Anthony, 26, will join fellow All-Star Stoudemire, 28, to form one of the most potent offensive duos in the NBA -- and the highest-profile superstars in their prime that the team has had in the lives of most Knicks fans. But with the Knicks giving up three starters and Mozgov, a 24-year-old 7-footer, New York will have a thin bench and still won't have a defensive big man to take pressure off Stoudemire. In addition, Stoudemire and Anthony will be scheduled to make $40 million combined in 2012-13 -- perhaps hampering the Knicks' efforts to land a member of that summer's star-studded free-agent class including Paul, Williams, and Dwight Howard.

Meanwhile, Denver's new basketball brain trust of Ujiri and executive Josh Kroenke passed an enormous test of their will, patience and negotiating chops with flying colors. Going all the way back to September, when they refused to pull the trigger on a four-team Melo trade involving Charlotte and Utah, Ujiri and Kroenke expertly played the Knicks and Nets against each other to the tune of a potentially massive package of assets for Anthony. The strategy resulted in an out-of-control groundswell of public support in New York for the Knicks to acquire Anthony, a player some significant members of the organization were determined not to give up major assets to acquire. And in an unimaginable twist given the obstacle that Anthony only wanted to re-sign with the Knicks, the Nuggets could wind up walking away with significant assets from both of the teams that pursued their star player.

It is common for general managers to print money in trades through contract-swapping. The Nuggets could essentially wind up printing draft picks by flipping two of the Knicks' players they didn't want for assets they value more. Even if the Nuggets wind up trading none of the ex-Knicks to New Jersey, it was an extremely impressive debut in the hot seat for Ujiri, a Nigerian-born former international scout who was part of the Toronto front office that got burned by free agent Chris Bosh last summer.

The Knicks get older, but arguably better at the point guard position with Billups, 34, taking over for Felton, 26 -- though Billups is not a classic pick-and-roll point guard and will have trouble playing the heavy minutes Felton endured. Williams, a disciplined, 6-9 reserve, will help bolster New York's undersized front court, and the addition of Brewer to the deal gives the Knicks a much needed wing defender.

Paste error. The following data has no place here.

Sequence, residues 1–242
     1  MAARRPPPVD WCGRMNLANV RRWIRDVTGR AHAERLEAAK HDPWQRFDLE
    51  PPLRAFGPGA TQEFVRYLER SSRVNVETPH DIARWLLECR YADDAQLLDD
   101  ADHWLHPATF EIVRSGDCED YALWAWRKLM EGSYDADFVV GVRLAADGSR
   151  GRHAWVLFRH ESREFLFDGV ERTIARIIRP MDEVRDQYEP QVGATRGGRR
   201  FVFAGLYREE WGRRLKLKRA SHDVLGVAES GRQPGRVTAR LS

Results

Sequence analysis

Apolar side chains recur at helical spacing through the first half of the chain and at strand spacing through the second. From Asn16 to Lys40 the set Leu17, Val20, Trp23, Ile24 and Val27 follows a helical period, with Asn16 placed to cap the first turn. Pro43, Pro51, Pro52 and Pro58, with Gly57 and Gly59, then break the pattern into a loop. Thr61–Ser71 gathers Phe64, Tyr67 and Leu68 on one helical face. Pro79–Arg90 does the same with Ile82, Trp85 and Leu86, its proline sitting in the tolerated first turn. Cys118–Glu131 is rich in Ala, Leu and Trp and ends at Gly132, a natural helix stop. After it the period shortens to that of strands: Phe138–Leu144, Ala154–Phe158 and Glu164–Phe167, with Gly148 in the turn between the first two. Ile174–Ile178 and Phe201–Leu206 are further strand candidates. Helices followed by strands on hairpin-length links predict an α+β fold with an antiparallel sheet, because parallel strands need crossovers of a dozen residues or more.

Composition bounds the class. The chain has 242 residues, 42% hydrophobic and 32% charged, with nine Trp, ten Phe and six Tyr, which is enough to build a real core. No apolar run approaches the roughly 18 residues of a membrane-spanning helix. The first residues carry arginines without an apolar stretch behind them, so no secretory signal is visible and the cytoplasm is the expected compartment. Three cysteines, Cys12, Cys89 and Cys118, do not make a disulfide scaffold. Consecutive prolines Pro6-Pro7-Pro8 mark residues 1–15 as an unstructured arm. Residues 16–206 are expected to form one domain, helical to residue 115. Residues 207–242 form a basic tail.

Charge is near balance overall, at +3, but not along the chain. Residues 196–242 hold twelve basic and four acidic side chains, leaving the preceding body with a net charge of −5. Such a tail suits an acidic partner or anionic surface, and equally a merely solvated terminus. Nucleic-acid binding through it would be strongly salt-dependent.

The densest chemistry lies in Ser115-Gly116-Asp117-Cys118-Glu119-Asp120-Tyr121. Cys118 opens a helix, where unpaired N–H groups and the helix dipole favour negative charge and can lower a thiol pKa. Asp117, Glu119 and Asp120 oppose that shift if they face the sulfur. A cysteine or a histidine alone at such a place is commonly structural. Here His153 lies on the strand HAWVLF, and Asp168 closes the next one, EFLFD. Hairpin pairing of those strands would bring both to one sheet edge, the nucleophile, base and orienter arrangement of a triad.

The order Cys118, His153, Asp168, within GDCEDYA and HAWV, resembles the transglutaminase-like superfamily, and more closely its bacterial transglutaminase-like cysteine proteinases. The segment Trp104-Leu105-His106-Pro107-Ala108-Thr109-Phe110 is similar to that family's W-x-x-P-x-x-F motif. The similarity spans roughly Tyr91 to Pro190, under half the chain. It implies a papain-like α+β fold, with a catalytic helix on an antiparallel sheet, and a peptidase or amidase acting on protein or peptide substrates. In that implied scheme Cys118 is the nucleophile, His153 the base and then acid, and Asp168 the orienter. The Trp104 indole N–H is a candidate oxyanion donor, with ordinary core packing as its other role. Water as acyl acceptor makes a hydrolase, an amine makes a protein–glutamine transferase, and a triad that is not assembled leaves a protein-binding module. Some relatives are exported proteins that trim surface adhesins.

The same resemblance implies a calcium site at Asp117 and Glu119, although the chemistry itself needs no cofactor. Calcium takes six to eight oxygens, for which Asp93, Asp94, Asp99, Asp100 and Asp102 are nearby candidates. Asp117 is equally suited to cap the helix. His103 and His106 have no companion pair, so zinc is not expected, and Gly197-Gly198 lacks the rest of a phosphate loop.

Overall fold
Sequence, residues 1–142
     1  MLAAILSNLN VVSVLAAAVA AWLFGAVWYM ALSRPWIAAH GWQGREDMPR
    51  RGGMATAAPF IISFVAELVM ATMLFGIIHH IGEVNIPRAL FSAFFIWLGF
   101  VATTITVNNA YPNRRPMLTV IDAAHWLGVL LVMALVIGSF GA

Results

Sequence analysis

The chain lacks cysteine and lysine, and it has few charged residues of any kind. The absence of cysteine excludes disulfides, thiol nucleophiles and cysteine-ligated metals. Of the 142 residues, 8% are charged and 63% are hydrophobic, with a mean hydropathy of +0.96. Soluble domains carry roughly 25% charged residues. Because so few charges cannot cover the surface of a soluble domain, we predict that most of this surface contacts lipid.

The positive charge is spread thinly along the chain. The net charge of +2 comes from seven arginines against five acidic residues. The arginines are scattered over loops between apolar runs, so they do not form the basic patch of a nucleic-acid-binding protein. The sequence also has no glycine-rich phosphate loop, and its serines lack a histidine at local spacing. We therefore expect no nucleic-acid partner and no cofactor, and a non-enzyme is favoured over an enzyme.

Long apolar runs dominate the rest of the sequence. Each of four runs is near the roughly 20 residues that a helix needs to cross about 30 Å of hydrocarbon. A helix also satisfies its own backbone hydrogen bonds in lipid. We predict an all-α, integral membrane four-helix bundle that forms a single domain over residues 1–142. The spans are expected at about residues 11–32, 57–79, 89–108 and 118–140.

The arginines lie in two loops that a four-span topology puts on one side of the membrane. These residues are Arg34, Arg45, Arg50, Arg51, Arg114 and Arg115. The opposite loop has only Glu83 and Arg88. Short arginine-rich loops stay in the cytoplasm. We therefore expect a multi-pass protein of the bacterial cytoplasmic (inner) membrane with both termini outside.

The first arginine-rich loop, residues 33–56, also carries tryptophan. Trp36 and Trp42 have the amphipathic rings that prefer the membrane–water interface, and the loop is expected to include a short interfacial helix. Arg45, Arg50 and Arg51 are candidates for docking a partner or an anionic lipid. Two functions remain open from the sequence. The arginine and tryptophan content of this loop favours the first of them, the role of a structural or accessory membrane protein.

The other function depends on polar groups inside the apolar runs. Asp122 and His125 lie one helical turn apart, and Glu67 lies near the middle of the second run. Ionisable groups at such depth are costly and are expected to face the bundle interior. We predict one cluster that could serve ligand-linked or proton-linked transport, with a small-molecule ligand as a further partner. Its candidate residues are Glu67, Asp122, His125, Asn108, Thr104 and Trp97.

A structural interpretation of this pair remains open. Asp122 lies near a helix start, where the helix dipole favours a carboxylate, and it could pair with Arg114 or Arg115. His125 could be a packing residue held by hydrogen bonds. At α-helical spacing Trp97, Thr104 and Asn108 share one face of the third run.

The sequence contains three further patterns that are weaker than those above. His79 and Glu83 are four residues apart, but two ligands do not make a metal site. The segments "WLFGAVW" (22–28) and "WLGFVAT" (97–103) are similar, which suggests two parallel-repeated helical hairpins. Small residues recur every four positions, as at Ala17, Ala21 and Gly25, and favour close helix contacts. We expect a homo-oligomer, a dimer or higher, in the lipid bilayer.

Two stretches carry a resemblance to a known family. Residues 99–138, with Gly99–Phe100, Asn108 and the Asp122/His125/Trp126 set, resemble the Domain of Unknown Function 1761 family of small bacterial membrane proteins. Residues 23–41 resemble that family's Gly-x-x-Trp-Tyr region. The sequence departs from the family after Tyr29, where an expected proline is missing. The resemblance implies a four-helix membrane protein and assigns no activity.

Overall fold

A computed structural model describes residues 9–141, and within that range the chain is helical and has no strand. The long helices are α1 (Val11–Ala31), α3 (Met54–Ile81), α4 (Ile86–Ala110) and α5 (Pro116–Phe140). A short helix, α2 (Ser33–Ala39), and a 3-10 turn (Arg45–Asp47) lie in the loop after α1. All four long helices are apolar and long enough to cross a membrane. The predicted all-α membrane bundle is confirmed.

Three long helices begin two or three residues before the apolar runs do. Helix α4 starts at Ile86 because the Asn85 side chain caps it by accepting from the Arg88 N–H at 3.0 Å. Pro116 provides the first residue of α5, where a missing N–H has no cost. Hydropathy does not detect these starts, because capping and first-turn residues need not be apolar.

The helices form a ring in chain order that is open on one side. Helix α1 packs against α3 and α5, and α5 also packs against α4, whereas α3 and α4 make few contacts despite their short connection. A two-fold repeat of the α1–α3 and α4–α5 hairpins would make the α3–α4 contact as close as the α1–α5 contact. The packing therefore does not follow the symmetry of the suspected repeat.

In the end, this one's all about Melo -- a sidekick for Stoudemire who will cause problems for Boston, Miami and Chicago while serving as further magnetism for future free agents.  

They're still one shy of a Big Three.

For up to date news on the NBA trade deadline, follow Ken Berger on Twitter at @KBerg_CBS
For more on the Nuggets' trade of Carmelo Anthony to the New York Knicks: 
Ben Golliver breaks down the winners and losers from the trade
Did this trade make the Knicks contenders? Royce Young has his doubts
Carmelo Anthony: No one man should have all that power , thinks Matt Moore. 


Posted on: February 21, 2011 2:18 pm
Edited on: February 21, 2011 2:42 pm
 

Melo-to-Knicks deal expanding?

LOS ANGELES -- As the Knicks and Nuggets remained in advanced talks Monday on a trade that would send Carmelo Anthony to New York, CBSSports.com confirmed that the deal could expand to include an unlikely facilitator -- the rival Nets.

A person familiar with the rapidly unfolding negotiations said New Jersey could be willing to send two first-round picks to Denver for Russian center Timofey Mozgov and another Knick -- perhaps Danilo Gallinari -- if those players were dealt to the Nuggets for Anthony.

ESPN The Magazine first reported the latest twist in the Anthony saga, which suggests that the Nets are willing to abandon their pursuit of Anthony but only if they can divert two key Knicks assets across the Hudson River in the process.